As demand for Union Territory status continues to emerge from Buddhist dominated Leh district of Ladakh region, almost all political parties are using it as a poll plank with BJP making inroads in the cold desert. Khursheed Wani reports.
An innocuous reference of ongoing Ladakh Autonomous Hill Development Council elections in Leh district by a BJP leader sent shock waves through National Conference leadership forcing them to swing into action. As a consequence, on October 6, during weekly cabinet meeting in Srinagar, Deputy Commissioner Leh Tsering Angchuk was asked to proceed on leave immediately until the elections were over. A General Administration Department order directed deputy commissioner Kathua Sanjeev Sharma to report at Leh with immediate effect.
BJP legislature party leader Prof Chaman Lal Gupta quipped in the House that their strength has increased by one member. He was actually referring to the recent merger of Ladakh Union Territory Front (LUTF) into BJP. The LUTF’s Tsatan Namgyal holds Nubra assembly seat, as independent member, and was not present in the House due to his preoccupations in the election campaign.
Prof Gupta alleged that the state government has imposed elections in Leh at a time when the people were caught in the aftermath of cloudburst catastrophe that killed around 200 persons. The elections, he said, were announced at the behest of Congress, to dislodge the LUTF administration.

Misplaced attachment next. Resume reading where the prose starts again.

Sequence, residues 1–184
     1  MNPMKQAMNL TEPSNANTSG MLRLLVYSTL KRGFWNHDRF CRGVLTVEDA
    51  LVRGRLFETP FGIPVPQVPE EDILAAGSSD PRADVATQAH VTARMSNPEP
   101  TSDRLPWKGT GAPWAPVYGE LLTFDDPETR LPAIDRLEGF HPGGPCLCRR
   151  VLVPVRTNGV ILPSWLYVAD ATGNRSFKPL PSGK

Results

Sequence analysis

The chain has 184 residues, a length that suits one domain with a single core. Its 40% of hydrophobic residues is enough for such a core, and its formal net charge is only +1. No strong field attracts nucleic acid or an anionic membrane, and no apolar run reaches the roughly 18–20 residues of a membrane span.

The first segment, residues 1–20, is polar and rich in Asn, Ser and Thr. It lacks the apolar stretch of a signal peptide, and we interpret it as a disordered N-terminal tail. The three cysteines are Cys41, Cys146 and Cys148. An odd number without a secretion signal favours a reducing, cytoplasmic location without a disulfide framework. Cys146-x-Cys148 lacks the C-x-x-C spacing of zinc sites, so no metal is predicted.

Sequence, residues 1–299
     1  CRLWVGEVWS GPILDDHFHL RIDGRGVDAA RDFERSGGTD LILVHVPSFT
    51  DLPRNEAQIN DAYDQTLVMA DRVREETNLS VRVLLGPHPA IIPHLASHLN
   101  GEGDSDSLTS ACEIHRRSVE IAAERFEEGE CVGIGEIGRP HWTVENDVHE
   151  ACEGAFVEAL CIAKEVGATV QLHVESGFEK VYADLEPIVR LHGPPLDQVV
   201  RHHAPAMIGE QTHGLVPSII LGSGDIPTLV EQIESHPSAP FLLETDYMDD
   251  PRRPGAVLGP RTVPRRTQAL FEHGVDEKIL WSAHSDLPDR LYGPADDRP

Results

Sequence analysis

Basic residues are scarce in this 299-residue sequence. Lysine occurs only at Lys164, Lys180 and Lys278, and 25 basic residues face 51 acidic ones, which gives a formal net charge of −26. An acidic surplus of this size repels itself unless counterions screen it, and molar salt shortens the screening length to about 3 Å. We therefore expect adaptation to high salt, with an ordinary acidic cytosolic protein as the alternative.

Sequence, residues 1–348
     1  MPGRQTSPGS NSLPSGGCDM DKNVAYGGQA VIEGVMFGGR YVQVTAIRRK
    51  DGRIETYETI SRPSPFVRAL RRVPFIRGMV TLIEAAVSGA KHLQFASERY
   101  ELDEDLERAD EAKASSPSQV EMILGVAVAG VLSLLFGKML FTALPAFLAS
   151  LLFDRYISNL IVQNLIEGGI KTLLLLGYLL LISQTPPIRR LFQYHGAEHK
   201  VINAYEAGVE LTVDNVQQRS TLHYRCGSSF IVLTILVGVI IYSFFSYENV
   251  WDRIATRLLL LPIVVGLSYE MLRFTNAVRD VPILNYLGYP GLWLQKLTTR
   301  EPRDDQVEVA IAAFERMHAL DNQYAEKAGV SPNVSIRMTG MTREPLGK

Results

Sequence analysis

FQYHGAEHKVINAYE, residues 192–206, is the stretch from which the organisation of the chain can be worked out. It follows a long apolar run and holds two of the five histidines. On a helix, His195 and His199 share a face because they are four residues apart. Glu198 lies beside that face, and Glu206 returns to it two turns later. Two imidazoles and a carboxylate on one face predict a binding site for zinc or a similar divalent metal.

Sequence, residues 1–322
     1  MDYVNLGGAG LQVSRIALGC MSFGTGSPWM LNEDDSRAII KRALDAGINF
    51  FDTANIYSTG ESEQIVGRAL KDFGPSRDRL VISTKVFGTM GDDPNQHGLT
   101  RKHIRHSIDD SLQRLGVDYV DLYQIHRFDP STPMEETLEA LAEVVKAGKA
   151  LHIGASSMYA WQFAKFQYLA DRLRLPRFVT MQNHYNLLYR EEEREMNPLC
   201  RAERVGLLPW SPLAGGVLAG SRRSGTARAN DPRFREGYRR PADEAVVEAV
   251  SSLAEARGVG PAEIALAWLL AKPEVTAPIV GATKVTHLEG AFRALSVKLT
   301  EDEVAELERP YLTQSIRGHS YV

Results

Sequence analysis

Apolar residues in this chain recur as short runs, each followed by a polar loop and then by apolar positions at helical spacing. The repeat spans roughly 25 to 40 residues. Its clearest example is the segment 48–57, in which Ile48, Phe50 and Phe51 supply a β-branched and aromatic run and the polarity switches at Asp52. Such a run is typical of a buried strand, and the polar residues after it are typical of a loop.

Prof Gupta blamed that Tourism Minister Nawang Rigzin Jora, who remained conspicuous by his absence during the assembly session, was misusing official position and the deputy commissioner was acting like a Congress worker.
Authoritative sources said that Chief Minister Omar Abdullah was miffed by BJP’s claim that Tsatan Namgyal was part of their group. He immediately contacted the NC leadership in Ladakh to settle the issue with erstwhile LUTF. In fact, Omar Abdullah wanted Namgyal to report back in Srinagar but he was busy campaigning in his area. Namgyal is important in Omar’s number game and the NC leadership can ill-afford his switch-over to BJP. The erstwhile LUTF has offered support to the NC not only during the government formation but also during the parliamentary elections. “It was largely due to LUTF’s covert support to Hassan Khan that he cruised through in the parliamentary election,” Bashir Ahmad, a Ladakh affairs expert said.